Studying export and innovation is difficult using solely theoretical models but needs a quantitative framework supporting the former. Hence, the study will have a regional per-spective in an attempt to capture the allocation of production, innovation and the relation to trade. A national perspective might in some cases be preferred in order to capture an ag-gregate pattern. But the present paper seeks to link the innovation as a source of knowl-edge together with the export pattern. When presenting the analysis from a national per-spective you may lose the connection to the reality and some core issues such as R&D, human capital absorption, regional policies and accessibility which all are important in the process.



This paper has been divided into six parts. Chapter 2 contains a chronological outline of the development of trade theories followed by contemporary models who can supplement the present paper towards the analysis. In order to accomplish the purpose of the paper Chapter 3 emphasize the regional perspectives and the dynamics of exports. Chapter 4 is a thorough outline of the variables and the step by step development towards the appropri-ate model. Thereafter, Chapter 5 contains the data analysis including the descriptive statis-tics, estimations and according to the theory model variations. The final Section draws out the conclusion in addition to suggestions for further research omitted by the present paper.

2 This problem of generalization is neglected in some of the earlier research. Vernon (1966) begins with an

as-sumption that enterprises in all advanced countries have the same access to scientific knowledge and to ab-sorb these. This is unlikely but of course a necessary assumption in order to carry through some studies and in the article by Vernon generalization is somewhat the fundamental principle.


Theory of Dynamic Export and Localisation Patterns


Theory of Dynamic Export and Localisation


The economic literature of international trade is profounded in the sense of numerous tributors. The long time persistent factor-proportions theory (Heckscher-Ohlin) is a con-venient model but is indistinct to answer underlying questions of trade and how production and export are persistent over time (Bowen, Hollander, and Viaene, 1998). Allocation of factors of production is important for R&D and innovations but is alone inadequate to en-circle a localisation pattern and whether it influences the export performance (Krugman 1991). Therefore, this Section provides an overview of contemporary theories of produc-tion and export patterns.


The Development towards Contemporary Models

The work by Leontief (1953) points out that it is insufficient to solely concentrate on fac-tors of production. Rather, production must take place in a certain economic environment. This outcome is contradictory to the factor-proportion theory and gave rise to the well known “Leontief Paradox”. Thereafter, Posner (1961) extends the discussion when sug-gesting trade as an exchange of distinct products within the same industry i.e. intra-industry trade, not to mistake for inter-industry trade. The former is generally more beneficial than the latter since it supports innovation as firms can exploit economies of scale and econo-mies of scope. This means that firms can improve and standardize their production tech-niques and increase the production but by economies of scope also diversify their goods of production. Four issues could according to Posner (1961) be explained by this;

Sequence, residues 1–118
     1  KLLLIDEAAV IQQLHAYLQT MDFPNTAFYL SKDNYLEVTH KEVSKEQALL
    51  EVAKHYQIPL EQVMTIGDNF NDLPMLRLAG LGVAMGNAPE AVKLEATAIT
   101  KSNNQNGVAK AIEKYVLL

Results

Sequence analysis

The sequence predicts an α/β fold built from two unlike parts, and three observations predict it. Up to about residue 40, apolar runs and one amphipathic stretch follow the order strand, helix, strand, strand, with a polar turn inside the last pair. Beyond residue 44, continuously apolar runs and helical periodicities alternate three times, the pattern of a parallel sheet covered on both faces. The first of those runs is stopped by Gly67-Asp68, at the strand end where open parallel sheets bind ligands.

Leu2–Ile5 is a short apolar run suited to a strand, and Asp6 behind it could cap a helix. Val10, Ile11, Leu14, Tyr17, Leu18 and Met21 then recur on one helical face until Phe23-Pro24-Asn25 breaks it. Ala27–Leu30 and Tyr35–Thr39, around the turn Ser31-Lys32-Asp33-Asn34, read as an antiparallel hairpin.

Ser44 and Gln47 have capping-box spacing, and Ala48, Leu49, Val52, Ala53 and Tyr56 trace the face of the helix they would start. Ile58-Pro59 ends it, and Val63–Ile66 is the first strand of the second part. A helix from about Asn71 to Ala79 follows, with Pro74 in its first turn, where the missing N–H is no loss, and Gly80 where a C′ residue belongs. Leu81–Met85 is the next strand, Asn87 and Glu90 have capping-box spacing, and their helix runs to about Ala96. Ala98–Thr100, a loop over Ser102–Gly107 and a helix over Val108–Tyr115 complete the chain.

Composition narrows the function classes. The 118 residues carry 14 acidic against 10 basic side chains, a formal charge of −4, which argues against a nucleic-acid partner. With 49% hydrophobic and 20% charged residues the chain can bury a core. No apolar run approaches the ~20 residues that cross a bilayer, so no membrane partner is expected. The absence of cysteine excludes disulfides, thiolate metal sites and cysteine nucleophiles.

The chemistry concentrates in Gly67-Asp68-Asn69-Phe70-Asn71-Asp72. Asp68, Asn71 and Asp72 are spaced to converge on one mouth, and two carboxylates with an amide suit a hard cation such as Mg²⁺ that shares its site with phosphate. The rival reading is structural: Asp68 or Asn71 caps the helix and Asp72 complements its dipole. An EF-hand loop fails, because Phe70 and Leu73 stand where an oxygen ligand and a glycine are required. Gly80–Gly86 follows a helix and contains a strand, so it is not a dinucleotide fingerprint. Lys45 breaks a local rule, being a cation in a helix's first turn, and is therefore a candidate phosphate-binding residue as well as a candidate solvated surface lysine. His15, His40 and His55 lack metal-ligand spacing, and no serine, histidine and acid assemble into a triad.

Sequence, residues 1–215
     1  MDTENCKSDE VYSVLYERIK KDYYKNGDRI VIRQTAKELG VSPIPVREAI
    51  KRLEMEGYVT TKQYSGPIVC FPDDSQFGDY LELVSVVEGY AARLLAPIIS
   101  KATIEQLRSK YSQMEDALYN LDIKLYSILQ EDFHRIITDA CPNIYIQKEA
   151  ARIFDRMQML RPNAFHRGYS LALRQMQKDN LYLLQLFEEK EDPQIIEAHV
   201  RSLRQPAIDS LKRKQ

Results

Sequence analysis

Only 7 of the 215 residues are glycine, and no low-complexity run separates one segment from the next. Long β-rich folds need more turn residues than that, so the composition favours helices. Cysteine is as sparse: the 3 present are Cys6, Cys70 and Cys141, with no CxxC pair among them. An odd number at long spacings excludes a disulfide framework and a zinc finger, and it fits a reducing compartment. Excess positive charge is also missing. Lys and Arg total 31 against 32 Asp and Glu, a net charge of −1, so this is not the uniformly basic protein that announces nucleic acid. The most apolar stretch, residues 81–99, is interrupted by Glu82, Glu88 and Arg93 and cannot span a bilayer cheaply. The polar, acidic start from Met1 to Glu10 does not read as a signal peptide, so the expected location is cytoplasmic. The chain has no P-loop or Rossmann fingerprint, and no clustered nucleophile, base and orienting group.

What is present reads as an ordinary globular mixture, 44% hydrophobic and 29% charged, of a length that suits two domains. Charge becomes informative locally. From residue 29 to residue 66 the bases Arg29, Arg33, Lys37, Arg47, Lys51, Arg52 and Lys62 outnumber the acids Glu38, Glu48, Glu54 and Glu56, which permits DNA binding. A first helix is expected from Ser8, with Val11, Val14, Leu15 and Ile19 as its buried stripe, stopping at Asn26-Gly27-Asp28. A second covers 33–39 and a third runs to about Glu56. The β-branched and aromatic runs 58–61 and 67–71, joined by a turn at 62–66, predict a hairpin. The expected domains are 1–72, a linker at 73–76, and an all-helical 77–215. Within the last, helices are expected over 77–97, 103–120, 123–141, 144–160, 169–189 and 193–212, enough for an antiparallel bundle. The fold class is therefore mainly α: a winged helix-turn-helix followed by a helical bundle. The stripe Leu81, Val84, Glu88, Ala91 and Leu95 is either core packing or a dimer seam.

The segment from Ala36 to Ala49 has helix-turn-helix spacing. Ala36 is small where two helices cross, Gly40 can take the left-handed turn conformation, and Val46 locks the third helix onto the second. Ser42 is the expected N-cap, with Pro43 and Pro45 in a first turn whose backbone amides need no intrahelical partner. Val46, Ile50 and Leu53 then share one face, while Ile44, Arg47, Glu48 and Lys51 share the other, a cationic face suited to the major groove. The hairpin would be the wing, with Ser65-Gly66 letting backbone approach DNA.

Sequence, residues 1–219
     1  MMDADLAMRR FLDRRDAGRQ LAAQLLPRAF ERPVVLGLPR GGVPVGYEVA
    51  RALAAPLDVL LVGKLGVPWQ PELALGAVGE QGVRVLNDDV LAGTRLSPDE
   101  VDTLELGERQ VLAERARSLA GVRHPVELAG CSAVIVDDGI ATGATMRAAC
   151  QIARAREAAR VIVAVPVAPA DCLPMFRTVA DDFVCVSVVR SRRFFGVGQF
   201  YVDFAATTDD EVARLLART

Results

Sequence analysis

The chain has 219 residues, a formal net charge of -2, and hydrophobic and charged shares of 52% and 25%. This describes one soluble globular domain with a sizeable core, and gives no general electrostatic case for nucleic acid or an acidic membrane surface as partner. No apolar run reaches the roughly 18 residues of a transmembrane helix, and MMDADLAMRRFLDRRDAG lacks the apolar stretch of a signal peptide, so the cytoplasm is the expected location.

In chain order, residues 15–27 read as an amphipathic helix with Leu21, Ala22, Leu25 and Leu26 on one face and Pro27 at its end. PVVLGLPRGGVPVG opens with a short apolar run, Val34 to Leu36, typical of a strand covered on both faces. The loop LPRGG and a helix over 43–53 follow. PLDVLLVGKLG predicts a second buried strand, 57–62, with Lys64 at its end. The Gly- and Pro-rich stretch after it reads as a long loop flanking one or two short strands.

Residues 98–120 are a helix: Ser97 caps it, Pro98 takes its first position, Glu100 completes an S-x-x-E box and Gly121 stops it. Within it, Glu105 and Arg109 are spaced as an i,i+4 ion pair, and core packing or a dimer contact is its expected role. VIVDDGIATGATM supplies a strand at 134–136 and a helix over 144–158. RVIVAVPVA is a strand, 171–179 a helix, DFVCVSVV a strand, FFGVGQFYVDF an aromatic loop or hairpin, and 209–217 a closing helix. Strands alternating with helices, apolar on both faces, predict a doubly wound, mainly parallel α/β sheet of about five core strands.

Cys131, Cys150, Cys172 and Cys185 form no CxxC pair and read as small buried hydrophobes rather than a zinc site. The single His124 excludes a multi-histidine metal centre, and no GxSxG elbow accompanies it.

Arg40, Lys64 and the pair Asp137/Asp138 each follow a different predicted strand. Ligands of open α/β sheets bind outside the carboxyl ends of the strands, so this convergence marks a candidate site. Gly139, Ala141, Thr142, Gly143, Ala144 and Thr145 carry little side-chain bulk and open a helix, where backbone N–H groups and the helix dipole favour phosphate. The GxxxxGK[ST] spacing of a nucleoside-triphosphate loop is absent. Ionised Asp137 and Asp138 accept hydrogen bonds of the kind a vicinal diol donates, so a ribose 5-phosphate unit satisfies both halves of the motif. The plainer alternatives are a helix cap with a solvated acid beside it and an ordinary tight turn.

First, new products are developed over time and this does not occur simultaneously in all locations. Second, it is not only a matter of product development but also a change of pro-duction processes. This may not have the same implications as a product development but anyway affect the behaviour of firms. Third, what are the possibilities to relate this to new and external knowledge and technology? Regions differ in their possibilities to produce knowledge and in their possibilities to transform these into new innovations3. Finally,

in-novation may be evenly or randomly distributed among firms which stress the existence or non-existence of divisional skewness.

Vernon (1966) and Hirsch (1967) have developed renowned theories of technology and trade comprehensively called the product life cycle4. The model by Vernon depicts a

pat-tern of trade relationships between the product developing segment leader which due to standardization, imitation and substitution loses the monopoly position. This introduces R&D dependence and consequently an additional dimension to the export patterns. Similarly, the theory by Hirsch (1967) points out the uncertainty of the front position at the market. It is by no means guaranteed and the product cycle is therefore an illustration of the capability of firms to absorb new techniques and adapt to a new competitive situation. Accordingly, entry is limited by knowledge rather than by financial considerations. How-ever, at this stage it is important to mention that a front position often may be desirable position but not always the optimal. To be the market leader imposes high costs and a risk